Continuing its acquisition spree, Facebook has bought WhatsApp for US$16 billion, significantly increasing its stronghold in the instant messaging space. As with any Facebook play, the burning question is how will it monetise. WhatsApp is staunchly anti-advertising.
Facebook says it will keep the service running independently and the WhatsApp brand will remain, adding that the acquisition “accelerates Facebook’s ability to bring connectivity and utility to the world”.
It has pledged that it will continue to operate as separate platform to its Facebook messenger app and says it plans to treat WhatsApp in the same way it has handled Instagram since acquiring it for $1bn.
That example implies the possibility of advertising down the track but a blog post by WhatsApp co-founder and CEO Jan Koum says users can “still count on absolutely no ads interrupting your communication”.
He added: “There would have been no partnership between our two companies if we had to compromise on the core principles that will always define our company, our vision and our product. Koum will join Facebook's board of directors.
On WhatsApp's website, a statement from the founders, who both previously worked in ad sales at Yahoo!, explains why the service doesn't run advertising.
They said: "No one wakes up excited to see more advertising, no one goes to sleep thinking about the ads they’ll see tomorrow. When we sat down to start our own thing together three years ago we wanted to make something that wasn’t just another ad clearinghouse ... We knew we could do what most people aim to do every day: avoid ads."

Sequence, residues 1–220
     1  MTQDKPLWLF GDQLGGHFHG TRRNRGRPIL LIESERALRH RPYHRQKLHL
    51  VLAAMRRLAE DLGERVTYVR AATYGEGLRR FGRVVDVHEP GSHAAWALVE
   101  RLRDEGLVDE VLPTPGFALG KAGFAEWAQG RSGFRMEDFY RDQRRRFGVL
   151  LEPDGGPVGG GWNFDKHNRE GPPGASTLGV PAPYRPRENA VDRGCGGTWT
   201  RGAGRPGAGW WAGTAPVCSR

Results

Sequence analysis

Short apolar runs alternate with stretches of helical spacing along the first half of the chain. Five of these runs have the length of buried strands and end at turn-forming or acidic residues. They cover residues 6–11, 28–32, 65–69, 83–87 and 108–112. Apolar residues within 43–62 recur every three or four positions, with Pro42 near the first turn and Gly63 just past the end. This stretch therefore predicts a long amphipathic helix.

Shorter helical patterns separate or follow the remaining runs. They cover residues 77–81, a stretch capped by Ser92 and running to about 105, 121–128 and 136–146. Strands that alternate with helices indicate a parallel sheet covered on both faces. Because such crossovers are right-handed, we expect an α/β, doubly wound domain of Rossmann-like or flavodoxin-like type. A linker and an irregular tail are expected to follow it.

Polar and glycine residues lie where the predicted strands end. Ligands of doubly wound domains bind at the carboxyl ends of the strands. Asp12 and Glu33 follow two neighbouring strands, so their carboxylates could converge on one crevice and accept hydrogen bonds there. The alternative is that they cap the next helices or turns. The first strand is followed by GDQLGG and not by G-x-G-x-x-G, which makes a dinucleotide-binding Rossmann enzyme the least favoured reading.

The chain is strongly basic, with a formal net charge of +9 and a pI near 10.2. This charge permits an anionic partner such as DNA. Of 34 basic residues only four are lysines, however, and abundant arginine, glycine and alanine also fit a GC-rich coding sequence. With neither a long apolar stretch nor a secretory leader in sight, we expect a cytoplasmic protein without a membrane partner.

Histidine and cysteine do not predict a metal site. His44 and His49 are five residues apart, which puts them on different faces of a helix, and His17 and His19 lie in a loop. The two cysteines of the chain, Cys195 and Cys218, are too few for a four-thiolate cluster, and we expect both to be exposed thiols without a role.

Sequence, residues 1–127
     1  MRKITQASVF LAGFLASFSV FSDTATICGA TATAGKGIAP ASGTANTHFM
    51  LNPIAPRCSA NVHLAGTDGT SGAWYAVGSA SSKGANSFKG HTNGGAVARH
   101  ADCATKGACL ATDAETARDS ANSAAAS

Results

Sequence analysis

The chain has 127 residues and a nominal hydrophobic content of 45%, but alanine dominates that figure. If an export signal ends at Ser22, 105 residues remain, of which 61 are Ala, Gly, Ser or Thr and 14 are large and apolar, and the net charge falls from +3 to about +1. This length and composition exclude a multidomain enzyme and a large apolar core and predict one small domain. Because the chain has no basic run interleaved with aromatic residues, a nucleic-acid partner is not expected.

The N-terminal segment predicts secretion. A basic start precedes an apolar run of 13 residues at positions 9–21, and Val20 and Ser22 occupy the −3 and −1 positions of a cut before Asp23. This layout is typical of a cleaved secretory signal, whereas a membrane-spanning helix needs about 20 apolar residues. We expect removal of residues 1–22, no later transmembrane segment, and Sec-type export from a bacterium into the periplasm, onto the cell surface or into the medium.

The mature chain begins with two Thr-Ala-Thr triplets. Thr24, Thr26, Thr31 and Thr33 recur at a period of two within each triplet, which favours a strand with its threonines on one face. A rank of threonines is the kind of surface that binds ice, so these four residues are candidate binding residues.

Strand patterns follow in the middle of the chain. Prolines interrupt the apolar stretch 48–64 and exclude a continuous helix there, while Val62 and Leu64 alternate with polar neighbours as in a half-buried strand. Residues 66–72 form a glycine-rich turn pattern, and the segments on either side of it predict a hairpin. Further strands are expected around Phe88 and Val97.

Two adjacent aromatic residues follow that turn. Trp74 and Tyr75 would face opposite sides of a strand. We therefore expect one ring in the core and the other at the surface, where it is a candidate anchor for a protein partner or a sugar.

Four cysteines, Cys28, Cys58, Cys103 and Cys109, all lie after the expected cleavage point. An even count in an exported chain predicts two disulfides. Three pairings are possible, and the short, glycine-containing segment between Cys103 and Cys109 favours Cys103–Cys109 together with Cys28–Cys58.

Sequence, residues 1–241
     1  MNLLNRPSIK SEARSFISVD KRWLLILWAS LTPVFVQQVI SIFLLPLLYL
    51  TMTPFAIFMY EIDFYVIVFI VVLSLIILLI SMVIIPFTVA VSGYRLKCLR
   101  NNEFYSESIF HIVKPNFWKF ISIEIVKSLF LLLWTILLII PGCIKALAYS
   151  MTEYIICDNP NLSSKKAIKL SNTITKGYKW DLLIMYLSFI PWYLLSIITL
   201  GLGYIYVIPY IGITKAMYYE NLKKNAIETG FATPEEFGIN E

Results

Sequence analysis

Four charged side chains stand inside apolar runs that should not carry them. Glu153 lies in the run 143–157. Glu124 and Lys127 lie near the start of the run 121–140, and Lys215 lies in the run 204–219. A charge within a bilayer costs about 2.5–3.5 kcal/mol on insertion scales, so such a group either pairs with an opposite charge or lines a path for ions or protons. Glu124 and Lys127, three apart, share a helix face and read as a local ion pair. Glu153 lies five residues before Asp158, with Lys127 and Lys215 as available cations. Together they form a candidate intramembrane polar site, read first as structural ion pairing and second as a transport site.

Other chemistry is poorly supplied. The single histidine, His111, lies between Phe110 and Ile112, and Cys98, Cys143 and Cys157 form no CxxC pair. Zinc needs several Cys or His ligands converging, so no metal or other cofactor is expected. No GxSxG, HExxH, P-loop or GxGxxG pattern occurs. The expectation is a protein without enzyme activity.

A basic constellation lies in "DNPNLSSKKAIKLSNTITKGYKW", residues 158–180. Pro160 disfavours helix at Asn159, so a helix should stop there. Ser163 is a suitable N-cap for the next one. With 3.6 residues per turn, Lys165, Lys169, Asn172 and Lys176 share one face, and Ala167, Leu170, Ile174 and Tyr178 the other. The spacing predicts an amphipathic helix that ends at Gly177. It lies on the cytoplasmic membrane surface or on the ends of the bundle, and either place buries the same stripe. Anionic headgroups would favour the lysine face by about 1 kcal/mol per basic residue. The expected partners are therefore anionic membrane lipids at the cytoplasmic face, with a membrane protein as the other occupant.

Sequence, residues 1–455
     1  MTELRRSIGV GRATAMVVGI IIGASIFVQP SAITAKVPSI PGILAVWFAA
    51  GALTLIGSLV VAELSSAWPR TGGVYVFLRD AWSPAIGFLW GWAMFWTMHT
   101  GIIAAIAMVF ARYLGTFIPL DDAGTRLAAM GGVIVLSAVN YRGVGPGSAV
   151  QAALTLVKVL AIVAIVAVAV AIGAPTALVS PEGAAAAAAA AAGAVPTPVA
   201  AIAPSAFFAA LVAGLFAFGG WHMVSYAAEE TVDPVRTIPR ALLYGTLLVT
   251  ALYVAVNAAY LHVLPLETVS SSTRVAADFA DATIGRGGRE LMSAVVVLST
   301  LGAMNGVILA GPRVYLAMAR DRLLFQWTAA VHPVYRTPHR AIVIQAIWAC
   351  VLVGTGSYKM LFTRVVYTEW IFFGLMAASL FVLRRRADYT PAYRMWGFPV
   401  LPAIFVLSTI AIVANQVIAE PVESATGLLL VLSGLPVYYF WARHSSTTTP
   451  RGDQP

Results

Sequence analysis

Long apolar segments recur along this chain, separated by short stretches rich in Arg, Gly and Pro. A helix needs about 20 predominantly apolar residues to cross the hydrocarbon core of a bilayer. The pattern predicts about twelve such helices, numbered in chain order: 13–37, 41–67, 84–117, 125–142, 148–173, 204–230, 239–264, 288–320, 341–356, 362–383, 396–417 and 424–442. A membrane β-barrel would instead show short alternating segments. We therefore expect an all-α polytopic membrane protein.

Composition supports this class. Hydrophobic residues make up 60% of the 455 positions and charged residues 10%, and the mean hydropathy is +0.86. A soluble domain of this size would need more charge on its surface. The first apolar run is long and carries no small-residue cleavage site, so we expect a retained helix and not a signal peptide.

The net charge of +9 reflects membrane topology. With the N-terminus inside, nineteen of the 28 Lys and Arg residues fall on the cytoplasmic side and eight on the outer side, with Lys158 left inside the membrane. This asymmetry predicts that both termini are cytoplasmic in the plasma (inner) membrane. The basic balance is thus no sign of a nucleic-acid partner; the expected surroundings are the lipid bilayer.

More than 450 million people globally use WhatsApp. More than 70% of the users are active every day. It adds more than 1 million users a day, and more than 600 million photos are shared daily, offering a huge audience of users, frequency and reach.
"WhatsApp is on a path to connect 1 billion people. The services that reach that milestone are all incredibly valuable," said Mark Zuckerberg, Facebook founder and CEO. "I've known Jan for a long time and I'm excited to partner with him and his team to make the world more open and connected."
Forrester tech analyst Nate Elliott says it is tempting to read the aquisition as a sign Facebook is scared of losing teens, with WhatsApp potentially a retention play.
"Facebook works harder than any other social site to keep people coming back. In the past year they've focused much of that effort on mobile, introducing Home and Paper, and upgrading both their Facebook and Messenger apps and this is another step towards keeping people engaged no matter where they are," he said.
"And yes, the company does have to work hard to keep young users engaged. But the reality is, Facebook always works hard to keep all its users engaged, no matter their age."
The US$16 billion deal is a mix of cash and Facebook shares.
Facebook is currently trialling ads within Instagram in the US and is ramping up its efforts with marketers to encourage brands to use the platform. It also recently added a direct messaging function to grow its share of the instant messaging space.
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